2. NRA insurance program triggers controversyPosted On: Dec. 26, 2018 7:00 AM CST
The flurry of business decisions and lawsuits in a multisided battle involving an insurer, a brokerage, the National Rifle Association and the state of New York earned the controversy the No. 2 spot in Business Insurance’s most read stories of 2018.
The dispute began when Chubb Ltd. said in February that it would no longer participate in a National Rifle Association insurance program called NRA Carry Guard. The program provides coverage for gun owners who face legal or other costs related to self-defense shootings.
Although the announcement came only days after the mass shooting at Marjory Stoneman Douglas High School in Parkland, Florida, which killed 17 students and staff, Chubb said it had provided notice of its intent to discontinue participation in the program three months earlier. Kansas City, Missouri-based Lockton Cos. LLC, which administered the program, also announced that it would no longer participate in it. And MetLife Inc. announced it was severing ties with the Fairfax, Virginia-based NRA, saying on Twitter: “We value all our customers but have decided to end our discount program with the NRA.”
The moves came as the New York Department of Financial Services, which regulates insurance in the Empire State, continued an investigation of the program that it had launched in 2017. The investigation concluded the NRA insurance program unlawfully provides liability insurance to gun owners for acts of intentional wrongdoing, and improperly provides legal services insurance for costs and expenses for any act of self-defense covered under the policy for gun owners and their resident family members who may be charged with a crime involving a legally possessed firearm, according to a DFS statement.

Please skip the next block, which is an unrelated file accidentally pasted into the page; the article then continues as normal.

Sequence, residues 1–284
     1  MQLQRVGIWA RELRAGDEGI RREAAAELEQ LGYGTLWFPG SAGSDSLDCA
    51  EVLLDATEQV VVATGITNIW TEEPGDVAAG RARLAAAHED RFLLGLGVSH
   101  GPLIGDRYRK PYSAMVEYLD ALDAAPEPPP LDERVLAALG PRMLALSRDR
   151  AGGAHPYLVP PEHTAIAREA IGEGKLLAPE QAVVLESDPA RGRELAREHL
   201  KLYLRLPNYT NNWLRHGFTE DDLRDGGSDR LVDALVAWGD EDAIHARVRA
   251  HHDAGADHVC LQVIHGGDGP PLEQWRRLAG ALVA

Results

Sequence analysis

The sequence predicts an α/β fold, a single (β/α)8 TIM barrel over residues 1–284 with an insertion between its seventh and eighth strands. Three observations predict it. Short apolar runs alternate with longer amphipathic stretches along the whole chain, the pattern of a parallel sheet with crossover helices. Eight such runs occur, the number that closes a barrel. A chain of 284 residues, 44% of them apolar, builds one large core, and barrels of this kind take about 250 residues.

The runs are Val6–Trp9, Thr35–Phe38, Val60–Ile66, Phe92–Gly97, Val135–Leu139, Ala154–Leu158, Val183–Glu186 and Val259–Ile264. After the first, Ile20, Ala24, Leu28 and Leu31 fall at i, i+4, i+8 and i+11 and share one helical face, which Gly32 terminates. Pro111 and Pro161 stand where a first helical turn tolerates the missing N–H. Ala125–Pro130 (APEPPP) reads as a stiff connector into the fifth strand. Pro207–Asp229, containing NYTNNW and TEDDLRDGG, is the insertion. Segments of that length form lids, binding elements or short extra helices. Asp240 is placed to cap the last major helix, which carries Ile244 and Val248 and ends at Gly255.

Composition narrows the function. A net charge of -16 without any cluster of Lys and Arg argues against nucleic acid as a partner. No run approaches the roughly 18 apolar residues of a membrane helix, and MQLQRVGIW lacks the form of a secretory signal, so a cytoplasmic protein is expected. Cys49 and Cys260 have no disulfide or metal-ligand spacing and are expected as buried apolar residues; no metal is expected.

Chubb Ltd. agreed in May to pay a $1.3 million fine for underwriting the Carry Guard insurance program, through Lockton Affinity, in violation of New York state law.
The penalty against Chubb and its Illinois Union Insurance Co. unit followed an agreement by Lockton to pay $7 million to settle similar charges for administering the program.
Lockton also agreed not to participate in the Carry Guard insurance program or any similar program in New York and to stop providing Carry Guard or similar insurance policies for or to New York residents regardless of where they are written.
In the meantime, Lloyd’s of London directed syndicates in the market to stop covering insurance programs associated with the NRA.
Payment of the fines did not end the disputes, though. The NRA filed a federal lawsuit against Lockton for failing to maintain the program and also sued the state of New York, alleging that the state’s actions violated its First Amendment rights.
The controversy entered a new phase in September when the California Department of Insurance issued a cease-and-desist order to the NRA, alleging that the NRA marketed an insurance product in California without a license.